- NATO Kosovo Force
- Operation Enduring Freedom
- Operation Freedom’s Sentinel
- Operation Inherent Resolve
- Operation Iraqi Freedom
- Operation New Dawn
- Operation Octave Shield
- Operation Odyssey Lightning
- Operation Spartan Shield
- U.S. Africa Command Operations
- U.S. Central Command operations
- The People Behind The Sacrifice
Army Sgt. David A. Mitts
Died December 4, 2004 Serving During Operation Iraqi Freedom
24, of Hammond, Ore.; assigned to the 3rd Battalion, 21st Infantry Regiment, 1st Brigade, 25th Infantry Division (Stryker Brigade Combat Team), Fort Lewis, Wash.; killed Dec. 4 when his Stryker military vehicle received enemy fire during convoy operations in Mosul, Iraq. Also killed was Army Staff Sgt. Salamo J. Tuialuuluu.
Warrenton soldier killed in Iraq remembered
WARRENTON, Ore. — Before the memorial service for Sgt. David Mitts, Warrenton High School students cleaned the grounds of the school where he had earned a seat on the homecoming court and fell in love with the girl who would become his wife.
Yellow ribbons adorned the trees and the message board in front of the school read: “In Memory of David Mitts 1980-2004.”
The school let students out early for the service, and soon the halls were crowded with Army officers, friends and family, many wearing ribbons and a photo of Mitts pinned to their lapels. Tables in the high school lobby bore photos of the young man at play and in uniform.
Mitts, 24, was killed Dec. 4 during convoy operations in Mosul. Another soldier, Staff Sgt. Salamo J. Tuialuuluu, 23, of Pago Pago, American Samoa, was also killed in the attack on their Stryker military vehicle. Both were assigned to the 3rd Battalion, 21st Infantry Regiment, 1st Brigade, 25th Infantry Division, based at Fort Lewis, Wash.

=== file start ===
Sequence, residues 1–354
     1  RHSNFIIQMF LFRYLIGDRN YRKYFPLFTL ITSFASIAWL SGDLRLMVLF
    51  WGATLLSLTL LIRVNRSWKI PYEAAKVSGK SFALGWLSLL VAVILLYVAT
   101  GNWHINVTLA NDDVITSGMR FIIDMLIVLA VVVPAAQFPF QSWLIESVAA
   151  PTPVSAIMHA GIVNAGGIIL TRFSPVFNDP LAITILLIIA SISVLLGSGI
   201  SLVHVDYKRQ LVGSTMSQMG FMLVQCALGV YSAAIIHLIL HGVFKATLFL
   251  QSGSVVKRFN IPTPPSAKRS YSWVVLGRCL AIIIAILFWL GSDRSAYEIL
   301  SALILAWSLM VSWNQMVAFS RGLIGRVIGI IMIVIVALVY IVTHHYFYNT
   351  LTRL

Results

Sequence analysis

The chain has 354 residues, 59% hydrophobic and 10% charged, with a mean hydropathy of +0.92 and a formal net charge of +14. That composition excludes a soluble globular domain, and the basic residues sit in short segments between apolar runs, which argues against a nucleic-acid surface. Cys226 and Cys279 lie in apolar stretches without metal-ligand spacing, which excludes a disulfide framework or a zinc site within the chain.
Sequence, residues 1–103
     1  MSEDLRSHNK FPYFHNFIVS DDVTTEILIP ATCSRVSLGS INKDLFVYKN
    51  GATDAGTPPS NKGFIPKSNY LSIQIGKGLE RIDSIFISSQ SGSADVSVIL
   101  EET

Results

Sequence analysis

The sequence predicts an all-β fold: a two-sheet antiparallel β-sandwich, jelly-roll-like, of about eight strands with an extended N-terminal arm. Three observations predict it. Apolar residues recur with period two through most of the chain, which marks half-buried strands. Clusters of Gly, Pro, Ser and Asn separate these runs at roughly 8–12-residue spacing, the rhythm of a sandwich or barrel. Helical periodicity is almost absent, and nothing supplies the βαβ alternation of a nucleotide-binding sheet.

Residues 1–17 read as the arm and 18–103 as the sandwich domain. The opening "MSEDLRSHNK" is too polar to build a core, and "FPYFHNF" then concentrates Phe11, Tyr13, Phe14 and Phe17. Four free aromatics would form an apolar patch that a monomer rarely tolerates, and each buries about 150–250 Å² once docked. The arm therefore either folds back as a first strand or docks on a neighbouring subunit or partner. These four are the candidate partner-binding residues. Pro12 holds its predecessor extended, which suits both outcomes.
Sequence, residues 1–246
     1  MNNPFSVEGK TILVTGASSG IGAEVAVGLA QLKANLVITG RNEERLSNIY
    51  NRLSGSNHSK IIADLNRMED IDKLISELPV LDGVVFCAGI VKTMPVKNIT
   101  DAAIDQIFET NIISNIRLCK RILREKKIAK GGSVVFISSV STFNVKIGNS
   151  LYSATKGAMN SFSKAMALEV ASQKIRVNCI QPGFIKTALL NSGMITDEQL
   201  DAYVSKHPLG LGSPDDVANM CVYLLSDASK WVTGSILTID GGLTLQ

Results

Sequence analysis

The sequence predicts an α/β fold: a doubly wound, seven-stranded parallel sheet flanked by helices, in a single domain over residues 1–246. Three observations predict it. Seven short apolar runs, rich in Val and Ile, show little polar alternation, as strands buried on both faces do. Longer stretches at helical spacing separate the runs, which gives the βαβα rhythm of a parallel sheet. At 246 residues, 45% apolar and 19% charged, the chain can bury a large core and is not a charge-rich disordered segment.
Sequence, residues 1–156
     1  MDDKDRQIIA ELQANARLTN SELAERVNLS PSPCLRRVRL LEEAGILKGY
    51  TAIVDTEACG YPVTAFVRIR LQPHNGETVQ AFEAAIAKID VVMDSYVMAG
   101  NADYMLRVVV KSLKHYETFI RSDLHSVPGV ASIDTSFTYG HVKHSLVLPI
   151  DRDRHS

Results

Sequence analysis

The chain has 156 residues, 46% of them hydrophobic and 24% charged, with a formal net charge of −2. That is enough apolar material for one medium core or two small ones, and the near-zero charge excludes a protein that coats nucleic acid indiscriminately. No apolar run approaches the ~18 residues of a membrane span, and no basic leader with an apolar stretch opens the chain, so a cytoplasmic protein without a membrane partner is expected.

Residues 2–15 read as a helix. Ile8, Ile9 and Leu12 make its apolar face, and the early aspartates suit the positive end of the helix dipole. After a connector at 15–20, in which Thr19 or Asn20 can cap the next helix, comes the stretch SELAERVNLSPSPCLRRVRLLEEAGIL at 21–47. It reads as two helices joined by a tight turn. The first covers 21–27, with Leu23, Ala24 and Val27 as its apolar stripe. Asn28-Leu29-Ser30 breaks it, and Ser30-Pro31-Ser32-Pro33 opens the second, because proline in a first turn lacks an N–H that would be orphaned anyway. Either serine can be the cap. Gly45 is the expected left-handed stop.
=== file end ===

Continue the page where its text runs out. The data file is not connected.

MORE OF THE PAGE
Gov. Ted Kulongoski, attending his 30th memorial for Oregon soldiers, compared Mitts to members of Lewis and Clark’s Corps of Discovery.
“The return of Army soldier David Mitts to his loving family and friends here in Warrenton will not make international headlines, but to me, honoring the life of David Mitts and the community that supports him is as important, if not more important, than honoring the first non-native visitors to Oregon,” the governor said.
“We will not forget who Sgt. David Mitts was, what he stood for and all he achieved in his short, but very meaningful life,” Kulongoski said. “David was his own corps of discovery, discovering within himself a calling to duty, to honor, and love of country.”
Afterward, the governor knelt before Tara Mitts, who is due to deliver the couple’s first child in February, and offered her a folded state flag.
Maj. Gen. James Collins presented a Purple Heart, Bronze Star and a U.S. flag to Tara Mitts and Mitts’ mother and father, Cindy McEwen and David Bright.
Pastor Ray Bergerson, Mitts’ uncle, recited the words of “Amazing Grace,” and asked the gatherers to consider the meaning of grace. Then he stopped.
“What words can you speak to comfort the hearts of those who have lost so much life? You can offer your heart, your sympathy, but no amount of sympathy, no amount of words can really heal the wounds we have.”